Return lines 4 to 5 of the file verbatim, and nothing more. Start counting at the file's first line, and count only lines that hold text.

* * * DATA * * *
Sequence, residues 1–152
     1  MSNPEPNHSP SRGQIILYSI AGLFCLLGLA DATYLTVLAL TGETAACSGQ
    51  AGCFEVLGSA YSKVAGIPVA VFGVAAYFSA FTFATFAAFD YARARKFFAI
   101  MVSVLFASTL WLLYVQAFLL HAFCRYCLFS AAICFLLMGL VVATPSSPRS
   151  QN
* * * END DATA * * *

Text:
   101  MVSVLFASTL WLLYVQAFLL HAFCRYCLFS AAICFLLMGL VVATPSSPRS
   151  QN